Jester: The initial impression of the demo that you played for me earlier is that each track begins and ends really well. Kind of like the way Front Line Assembly has the elaborate header and trailer for each of it's tracks. As for the rest of the track, you've moved away from utilizing the guitar at the forefront of the mix and have relegated it to act as more of a harmonizing tool rather than being in your face. It ends up sounding that much better because of it.

F.J.: The newer stuff that we just finished writing is even more like that.

Tom: For example the song we were working on yesterday (tentatively titled "SEASON OF TERROR"), I was actually sitting down next to the computer while F.J. was working and thought of a guitar section that you wouldn't want to appear on the track because it would drown out all the programming. I wrote most of the guitar parts to be use as back- ground filler, not as an annoying riff that just gets played over and over again in the foreground. I wanted to just put the guitar parts in and mix them real low. The layering on some of the new tracks is nothing like any of the older material.

F.J.: The old demo sounded too thick. The new stuff is nothing like that, despite having much more going on. A lot of the change is because the old keyboardist Ash wasn't involved in writing any of the new material, and now Mark and Whit have written a great deal more of the material than they ever have before because of it. Last weekend I got so much work done because I had the extra introspective of Whit in the writing process and as such, the tracks we finished sounded a lot different.

Jester: When was the last time you played live?

Tom: Last summer we played with bands like Clay People and Piece Machine, but we haven't played since then. We've just been so busy writing new material, working, and graduating that we haven't had time to play live. We only barely have the time in the evenings to write new material not to track down venues to play and rent a van, and all the shit that goes along with playing live.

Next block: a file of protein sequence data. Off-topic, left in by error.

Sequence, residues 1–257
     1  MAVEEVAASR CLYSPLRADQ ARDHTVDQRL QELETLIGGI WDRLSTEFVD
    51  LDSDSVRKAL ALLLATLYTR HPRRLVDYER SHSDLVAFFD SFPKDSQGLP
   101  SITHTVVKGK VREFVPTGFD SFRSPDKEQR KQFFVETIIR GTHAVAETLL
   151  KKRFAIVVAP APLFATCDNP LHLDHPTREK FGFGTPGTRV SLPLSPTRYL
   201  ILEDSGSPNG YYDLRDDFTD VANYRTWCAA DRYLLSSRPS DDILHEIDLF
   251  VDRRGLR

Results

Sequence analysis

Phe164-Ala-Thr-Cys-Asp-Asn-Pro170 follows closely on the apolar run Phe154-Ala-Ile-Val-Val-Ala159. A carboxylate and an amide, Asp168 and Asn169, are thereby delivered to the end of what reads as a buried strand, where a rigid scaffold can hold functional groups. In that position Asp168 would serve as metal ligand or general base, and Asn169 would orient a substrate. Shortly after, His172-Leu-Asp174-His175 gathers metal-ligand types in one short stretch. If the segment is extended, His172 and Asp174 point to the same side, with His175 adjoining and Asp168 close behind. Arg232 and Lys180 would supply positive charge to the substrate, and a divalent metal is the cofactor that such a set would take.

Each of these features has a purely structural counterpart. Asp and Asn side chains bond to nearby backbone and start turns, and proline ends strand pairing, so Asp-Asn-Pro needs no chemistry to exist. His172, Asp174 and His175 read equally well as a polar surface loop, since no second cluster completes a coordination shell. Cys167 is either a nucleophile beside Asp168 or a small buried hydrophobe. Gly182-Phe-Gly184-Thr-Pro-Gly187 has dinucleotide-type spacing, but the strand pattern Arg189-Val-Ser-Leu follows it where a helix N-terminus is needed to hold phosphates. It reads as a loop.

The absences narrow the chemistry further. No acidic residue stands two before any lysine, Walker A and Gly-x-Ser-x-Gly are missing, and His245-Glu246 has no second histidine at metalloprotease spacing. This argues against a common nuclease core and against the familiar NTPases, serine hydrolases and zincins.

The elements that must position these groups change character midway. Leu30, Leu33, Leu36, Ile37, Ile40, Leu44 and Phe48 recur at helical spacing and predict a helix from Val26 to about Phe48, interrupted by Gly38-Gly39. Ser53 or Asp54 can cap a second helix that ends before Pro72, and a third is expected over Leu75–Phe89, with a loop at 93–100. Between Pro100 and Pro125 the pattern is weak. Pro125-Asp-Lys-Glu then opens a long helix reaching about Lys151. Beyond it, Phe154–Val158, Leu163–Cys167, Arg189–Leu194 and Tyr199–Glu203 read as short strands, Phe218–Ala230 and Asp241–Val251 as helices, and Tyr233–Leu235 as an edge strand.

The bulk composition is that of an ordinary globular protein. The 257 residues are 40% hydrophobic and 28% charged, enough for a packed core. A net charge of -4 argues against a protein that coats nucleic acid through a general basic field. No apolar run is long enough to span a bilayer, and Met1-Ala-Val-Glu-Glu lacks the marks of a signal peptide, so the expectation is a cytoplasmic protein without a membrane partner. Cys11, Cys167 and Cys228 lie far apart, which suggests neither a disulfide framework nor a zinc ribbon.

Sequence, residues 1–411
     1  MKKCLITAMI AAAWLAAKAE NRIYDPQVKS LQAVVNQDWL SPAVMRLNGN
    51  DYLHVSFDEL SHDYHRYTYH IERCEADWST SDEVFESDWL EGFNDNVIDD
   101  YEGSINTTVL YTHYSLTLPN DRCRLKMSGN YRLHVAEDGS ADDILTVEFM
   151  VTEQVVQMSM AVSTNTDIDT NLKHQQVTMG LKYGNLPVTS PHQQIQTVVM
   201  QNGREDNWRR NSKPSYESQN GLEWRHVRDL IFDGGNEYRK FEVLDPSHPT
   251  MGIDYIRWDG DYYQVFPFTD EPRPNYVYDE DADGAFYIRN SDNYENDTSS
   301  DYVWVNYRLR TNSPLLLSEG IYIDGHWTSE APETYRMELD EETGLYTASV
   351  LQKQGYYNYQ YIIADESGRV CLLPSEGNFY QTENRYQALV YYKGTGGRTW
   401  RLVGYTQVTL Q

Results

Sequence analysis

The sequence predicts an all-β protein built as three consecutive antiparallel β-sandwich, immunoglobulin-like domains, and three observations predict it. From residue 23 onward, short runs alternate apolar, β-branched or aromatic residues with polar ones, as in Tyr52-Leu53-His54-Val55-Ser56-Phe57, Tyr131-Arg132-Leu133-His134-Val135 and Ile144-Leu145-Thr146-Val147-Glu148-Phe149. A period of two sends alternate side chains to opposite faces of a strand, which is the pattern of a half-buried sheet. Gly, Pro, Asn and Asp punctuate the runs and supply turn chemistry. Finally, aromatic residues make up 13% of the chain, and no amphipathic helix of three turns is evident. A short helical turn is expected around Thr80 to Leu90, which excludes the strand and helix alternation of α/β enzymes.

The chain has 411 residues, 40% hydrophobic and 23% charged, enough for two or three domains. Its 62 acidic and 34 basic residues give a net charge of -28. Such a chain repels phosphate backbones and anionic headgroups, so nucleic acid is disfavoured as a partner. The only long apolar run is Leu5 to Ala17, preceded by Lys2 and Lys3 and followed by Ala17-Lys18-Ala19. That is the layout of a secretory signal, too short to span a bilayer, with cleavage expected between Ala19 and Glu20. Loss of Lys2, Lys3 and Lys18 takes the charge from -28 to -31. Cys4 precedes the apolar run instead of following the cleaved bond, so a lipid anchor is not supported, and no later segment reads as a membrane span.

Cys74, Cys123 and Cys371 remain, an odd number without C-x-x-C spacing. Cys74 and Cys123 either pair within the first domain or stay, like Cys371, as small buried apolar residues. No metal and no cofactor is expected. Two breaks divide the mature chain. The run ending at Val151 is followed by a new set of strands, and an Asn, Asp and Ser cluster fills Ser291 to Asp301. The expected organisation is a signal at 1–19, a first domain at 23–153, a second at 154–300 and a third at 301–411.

Mark: We also want to finish recording all of the new material because it is so much different than the older stuff.

Tom: If we played a live show with half of the older material and half of the new material it would sound like shit. We want to finish up the album and play all the new material live when we perform again. The older music just pales in comparison to the new material. If we played the new stuff next to the crap we played live in the past the crowd would hurt us.

Jester: How is the music scene in New York?

Tom: Any scene, be it industrial, hardcore, punk, grind, is terrible right now.

F.J.: It's time for another musical revolution to get all the scenes off their ass. I think that the new Skinny Puppy album is going to do for the industrial genre what Ministry's "Land of Rape and Honey" did in the past. The whole nineties industrial scene needs a swift kick in the ass to get it moving again. "The Process" will be seen as much more of an influential album in ten years than anything released by Nine Inch Nails. I tend to think that industrial types are mature Goths. I have a feeling that a Gothic element is going to seep back into the industrial movement, even in our own music. We have a ballad for christs sake that we might put on the new album.

[ The remainder of the interview evolved into a 'State of the Industry' discussion on the direction of the industrial genre and strayed away from anything pertinent to the band and thus was cut to protect the band and the innocent.]


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Last Modified: Monday, 24-Sep-2012 16:43:06 MST